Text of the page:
What are the Main Differences in Driving Laws between States in the USA?


Before embarking on any road trip in the US, it’s imperative that you fully understand the driving laws of the state you’re travelling in. Not only will this help keep you and other road users safe, but it’ll also help you to relax and enjoy your trip more knowing that you’re ticking all of the boxes.

Just like any country, there are overarching driving regulations in place for the whole of the United States. But also - each state has their own unique driving laws and requirements that must be met by both people living in them and passing through.

We will share the key differences in driving laws between states in the USA, focussing on important aspects such as speed limits, seat belt laws, mobile phone usage and general rules of the road. 

So let’s get started!

Speed Limits

Speed limits vary considerably from state to state, with each area or territory setting its own maximum allowable speeds limits. Not only do these differ by state, but they can also change depending on road type, vehicle size and congestion. This is why it’s really important to familiarise yourself with speed limit signs and typical speed limits in the areas you’ll be travelling through before setting off on your journey. 

In Western States, it’s common to find rural freeway speed limits ranging from 70 to 80 mph. Whilst in States in the East, slightly lower limits of 65 to 70 mph are more prevalent. It's important to note that speed limits in the US are typically posted in increments of five miles per hour, as opposed to the 10-mile-per-hour increments commonly seen in the UK.

Regardless of what the speed limit says, it’s vital to ensure that you’re driving at a speed that’s safe for your vehicle. Oftentimes, this will mean driving below the maximum speed limit, especially in situations where the conditions of the road are particularly challenging or when you're navigating through congested areas. If at any point your vehicle, trailer or motorhome is swaying, it’s likely that you’ll need to reduce your speed.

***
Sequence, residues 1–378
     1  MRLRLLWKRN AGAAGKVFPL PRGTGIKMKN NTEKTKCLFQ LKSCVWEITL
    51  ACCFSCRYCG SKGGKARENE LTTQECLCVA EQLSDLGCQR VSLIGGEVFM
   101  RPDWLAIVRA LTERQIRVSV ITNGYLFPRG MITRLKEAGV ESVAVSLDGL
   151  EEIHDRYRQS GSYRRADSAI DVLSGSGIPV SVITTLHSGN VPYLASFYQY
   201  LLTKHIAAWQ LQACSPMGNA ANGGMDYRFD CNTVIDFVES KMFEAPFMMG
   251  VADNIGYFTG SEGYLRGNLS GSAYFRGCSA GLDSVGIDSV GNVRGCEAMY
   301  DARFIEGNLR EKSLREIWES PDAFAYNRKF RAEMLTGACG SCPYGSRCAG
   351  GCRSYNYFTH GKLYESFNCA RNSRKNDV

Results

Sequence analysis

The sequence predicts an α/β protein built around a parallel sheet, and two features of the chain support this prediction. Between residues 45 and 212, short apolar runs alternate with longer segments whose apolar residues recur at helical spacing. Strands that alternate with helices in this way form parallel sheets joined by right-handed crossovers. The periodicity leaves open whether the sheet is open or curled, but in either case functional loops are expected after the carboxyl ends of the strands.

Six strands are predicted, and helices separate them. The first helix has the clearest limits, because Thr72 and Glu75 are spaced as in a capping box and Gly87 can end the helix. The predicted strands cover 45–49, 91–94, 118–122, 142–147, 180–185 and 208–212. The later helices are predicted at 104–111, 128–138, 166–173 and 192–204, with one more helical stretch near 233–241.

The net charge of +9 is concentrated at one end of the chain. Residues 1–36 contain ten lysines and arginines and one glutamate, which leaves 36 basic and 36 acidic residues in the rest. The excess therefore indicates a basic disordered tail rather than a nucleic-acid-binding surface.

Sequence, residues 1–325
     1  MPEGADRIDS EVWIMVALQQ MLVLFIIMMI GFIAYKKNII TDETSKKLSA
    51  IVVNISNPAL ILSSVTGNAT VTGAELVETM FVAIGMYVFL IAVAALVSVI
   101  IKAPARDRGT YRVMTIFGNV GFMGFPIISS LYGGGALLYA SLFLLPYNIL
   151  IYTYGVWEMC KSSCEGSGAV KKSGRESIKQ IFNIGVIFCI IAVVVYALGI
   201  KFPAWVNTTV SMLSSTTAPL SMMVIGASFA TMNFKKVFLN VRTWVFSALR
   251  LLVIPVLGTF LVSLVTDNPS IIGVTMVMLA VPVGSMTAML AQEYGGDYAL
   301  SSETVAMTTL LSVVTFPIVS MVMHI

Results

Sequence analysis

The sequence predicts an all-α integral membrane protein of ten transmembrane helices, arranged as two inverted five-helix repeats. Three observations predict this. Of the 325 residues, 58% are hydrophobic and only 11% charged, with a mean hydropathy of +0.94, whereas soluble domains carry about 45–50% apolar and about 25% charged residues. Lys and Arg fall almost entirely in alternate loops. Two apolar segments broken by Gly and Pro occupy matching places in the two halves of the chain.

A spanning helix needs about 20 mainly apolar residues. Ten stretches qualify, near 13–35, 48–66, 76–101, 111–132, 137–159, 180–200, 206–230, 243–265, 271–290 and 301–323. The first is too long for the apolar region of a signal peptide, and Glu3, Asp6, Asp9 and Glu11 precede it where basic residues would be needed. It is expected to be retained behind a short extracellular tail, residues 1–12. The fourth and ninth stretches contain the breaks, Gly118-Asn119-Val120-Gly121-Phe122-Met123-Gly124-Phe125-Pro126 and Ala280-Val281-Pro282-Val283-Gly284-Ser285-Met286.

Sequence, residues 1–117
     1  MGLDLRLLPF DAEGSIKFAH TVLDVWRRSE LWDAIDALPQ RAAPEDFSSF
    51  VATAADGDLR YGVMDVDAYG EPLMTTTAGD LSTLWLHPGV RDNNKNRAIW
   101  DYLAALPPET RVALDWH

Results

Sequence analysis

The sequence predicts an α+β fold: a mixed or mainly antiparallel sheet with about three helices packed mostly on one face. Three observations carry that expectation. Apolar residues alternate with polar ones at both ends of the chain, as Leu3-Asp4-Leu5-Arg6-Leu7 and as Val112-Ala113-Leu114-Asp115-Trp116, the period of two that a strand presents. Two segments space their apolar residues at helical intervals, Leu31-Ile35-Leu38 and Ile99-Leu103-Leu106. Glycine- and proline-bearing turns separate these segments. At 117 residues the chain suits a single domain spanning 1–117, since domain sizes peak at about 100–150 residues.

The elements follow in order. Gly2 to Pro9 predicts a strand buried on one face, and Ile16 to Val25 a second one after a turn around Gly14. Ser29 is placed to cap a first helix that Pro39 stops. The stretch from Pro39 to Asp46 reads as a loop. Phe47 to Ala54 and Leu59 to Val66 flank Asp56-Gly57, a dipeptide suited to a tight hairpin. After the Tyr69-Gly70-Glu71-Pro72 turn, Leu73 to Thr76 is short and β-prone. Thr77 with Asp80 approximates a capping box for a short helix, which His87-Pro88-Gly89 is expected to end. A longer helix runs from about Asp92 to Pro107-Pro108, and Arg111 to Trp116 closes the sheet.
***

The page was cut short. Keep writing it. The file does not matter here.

Seat Belt Laws

Seat belt laws also differ from one state to another. Although seat belt regulations exist in all US states, there are key differences between these rules depending on the state you’re driving in. Given this, be sure that you read up on any seat belt requirements for states you plan to visit before you travel. 

Mobile Phone Use

Although most states have complete bans on mobile phone use whilst driving, there are still some significant differences in mobile phone regulations between US states. Some states have exceptions such as allowing the use of hands-free devices whilst driving, whilst others, such as Missouri, are permitted to use mobile phones whilst driving provided that they’re over the age of 21.

Right Turns on Red

In the majority of US states, drivers are permitted to turn right at red lights after coming to a complete stop, provided that they’ve yielded to any oncoming traffic and that there’s no sign prohibiting the turn. It’s important to note, though, that some states such as New York, have restrictions on making right turns at red lights and sometimes there is no signage explicitly stating this - so be careful and do your research before you travel.

DUI or drunk driving laws

Driving under the influence (DUI) laws also differ considerably from state to state. Both blood alcohol levels and penalties for drink driving offences can vary between states, with states such as Arizona having some of the strictest regulations, whilst others, such as North Dakota are far more lax.

If you’re thinking of going on a road trip across numerous US states, be sure to consult official state department websites to familiarise yourself with the most up-to-date and accurate information regarding their specific rules and regulations. 

No matter where your travels take you, we hope you have a safe and enjoyable trip! And if you’re thinking of hiring an RV whilst on your travels, browse our range of vehicles today.

Find out more about US driving laws here: https://www.nhtsa.gov/laws-regulations